“In my case,” he said, “it was less a question of the amount of time off than of being checked out emotionally for a while. Knowledge and awareness are very important. People from all over the company were sending me notes of support.”
    Roger’s situation was more complicated because his daughter’s treatment lasted nine months and because she was away at college, receiving treatment at a hospital two hours from home. When he could, Roger rearranged his schedule so that both he and his wife could be present for chemotherapy sessions.
    “The understanding I had with my boss was that there would be many times I would have to leave the
    No parent can imagine the turmoil that comes when a child falls
    seriously ill. In the same vain, no policy manual can account for the disruption in the workplace when an employee must attend to a sick child.
    office during the day, with or without notice,” he said. “In exchange for her understanding, I assured her that whatever it took to get the job done, it would get done – just not necessarily between 8 and 5.”
    Not all employees can make such guarantees. Some children’s illnesses are so serious that parents cannot avoid long or frequent absences from work and significant declines in their production. And, from the employer’s side, some job responsibilities are easier to share and reassign than others.
    Especially in such cases, it is essential for employee and employer to discuss, up front, the likely effects of the illness on the workplace and how the interests of both employee and company can best be served.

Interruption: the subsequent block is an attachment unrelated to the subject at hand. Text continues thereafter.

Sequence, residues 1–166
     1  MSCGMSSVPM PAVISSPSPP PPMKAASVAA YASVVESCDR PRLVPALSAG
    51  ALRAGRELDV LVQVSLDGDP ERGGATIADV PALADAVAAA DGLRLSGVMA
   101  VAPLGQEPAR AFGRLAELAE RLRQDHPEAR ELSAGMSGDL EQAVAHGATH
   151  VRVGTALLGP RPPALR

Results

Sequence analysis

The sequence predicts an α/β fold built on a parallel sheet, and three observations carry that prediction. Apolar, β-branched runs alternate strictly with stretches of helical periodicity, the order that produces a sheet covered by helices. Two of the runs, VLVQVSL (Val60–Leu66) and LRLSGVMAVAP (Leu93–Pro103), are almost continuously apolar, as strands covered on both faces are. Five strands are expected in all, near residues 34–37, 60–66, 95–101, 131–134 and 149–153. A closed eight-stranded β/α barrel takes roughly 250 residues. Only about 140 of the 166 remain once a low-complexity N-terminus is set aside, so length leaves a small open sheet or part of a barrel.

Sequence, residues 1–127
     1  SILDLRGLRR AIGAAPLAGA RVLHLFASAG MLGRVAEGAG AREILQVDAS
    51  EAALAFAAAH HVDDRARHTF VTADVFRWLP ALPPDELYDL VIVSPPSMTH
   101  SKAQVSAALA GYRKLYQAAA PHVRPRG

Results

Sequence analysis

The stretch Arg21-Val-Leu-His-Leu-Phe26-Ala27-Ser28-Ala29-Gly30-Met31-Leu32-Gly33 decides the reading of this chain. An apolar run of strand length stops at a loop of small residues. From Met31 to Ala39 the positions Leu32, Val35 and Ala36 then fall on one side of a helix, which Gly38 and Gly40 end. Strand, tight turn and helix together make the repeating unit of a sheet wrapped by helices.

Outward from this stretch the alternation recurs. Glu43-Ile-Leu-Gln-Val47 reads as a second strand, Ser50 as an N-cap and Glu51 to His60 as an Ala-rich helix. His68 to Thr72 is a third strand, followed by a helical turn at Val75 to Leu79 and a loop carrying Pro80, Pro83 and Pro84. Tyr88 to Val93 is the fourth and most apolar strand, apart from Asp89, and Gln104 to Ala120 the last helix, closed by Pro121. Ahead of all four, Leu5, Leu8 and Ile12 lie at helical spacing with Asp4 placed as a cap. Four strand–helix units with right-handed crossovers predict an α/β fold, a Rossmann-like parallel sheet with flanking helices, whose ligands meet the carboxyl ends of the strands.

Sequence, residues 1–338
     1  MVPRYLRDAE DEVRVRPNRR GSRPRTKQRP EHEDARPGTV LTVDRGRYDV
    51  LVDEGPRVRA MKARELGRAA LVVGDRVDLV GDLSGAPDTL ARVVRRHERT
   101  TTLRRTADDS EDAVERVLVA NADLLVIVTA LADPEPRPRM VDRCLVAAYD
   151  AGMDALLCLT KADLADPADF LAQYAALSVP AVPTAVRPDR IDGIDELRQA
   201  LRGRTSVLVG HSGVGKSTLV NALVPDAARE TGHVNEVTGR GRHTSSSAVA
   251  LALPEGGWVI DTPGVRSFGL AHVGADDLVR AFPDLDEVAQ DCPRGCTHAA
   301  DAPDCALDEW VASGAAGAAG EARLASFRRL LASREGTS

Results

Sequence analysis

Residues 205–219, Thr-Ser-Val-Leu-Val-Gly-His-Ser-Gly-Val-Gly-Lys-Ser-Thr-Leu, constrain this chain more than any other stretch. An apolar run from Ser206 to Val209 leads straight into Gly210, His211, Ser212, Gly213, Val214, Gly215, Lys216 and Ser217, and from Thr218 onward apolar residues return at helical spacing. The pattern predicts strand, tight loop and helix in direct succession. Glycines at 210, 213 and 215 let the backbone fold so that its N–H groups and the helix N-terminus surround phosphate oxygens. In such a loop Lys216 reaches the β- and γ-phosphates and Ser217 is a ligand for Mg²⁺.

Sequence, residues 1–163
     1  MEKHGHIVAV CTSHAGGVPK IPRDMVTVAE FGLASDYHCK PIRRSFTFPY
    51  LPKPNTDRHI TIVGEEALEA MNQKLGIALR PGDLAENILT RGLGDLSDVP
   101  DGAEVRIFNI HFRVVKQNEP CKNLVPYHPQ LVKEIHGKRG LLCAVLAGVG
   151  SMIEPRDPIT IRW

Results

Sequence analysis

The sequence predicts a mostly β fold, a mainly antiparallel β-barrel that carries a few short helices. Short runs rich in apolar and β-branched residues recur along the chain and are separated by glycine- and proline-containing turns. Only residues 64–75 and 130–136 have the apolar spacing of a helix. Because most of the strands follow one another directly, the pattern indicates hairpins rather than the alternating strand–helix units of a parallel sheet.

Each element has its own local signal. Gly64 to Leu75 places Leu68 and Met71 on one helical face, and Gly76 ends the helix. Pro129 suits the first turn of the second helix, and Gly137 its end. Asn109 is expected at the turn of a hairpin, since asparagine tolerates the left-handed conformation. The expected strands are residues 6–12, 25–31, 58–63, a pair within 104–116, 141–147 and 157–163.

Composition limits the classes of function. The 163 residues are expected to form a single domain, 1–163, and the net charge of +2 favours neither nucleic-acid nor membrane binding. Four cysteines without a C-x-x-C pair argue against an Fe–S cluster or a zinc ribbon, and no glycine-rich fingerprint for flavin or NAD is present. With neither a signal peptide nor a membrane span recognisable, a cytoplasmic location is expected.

Parents interviewed for this article agree that the vast majority of employees want to continue contributing on the job at the highest level possible and will treat the employer’s accommodation as a two-way street. While in the short term the absences may be inconvenient and even costly to the company, employees will fondly remember an employer who stands by them in a difficult time.
    “In 99 out of 100 cases,” said Roger, “if a proper understanding is reached, the employer will eventually wind up on the better end. In the long run, the employee will make certain that the company is treated fairly. There is no way the company can lose when that ledger is balanced at the end.”
    Ted J. Rulseh is a self-employed book publisher and freelance writer who lives in Waukesha. His son’s treatment for Hodgkins’s disease has been successful. The names of the sources quoted in this article were changed to protect the families’ privacy. At the author’s request, Small Business Times is donating the author’s fee for this article to the MACC Fund for childhood cancer research.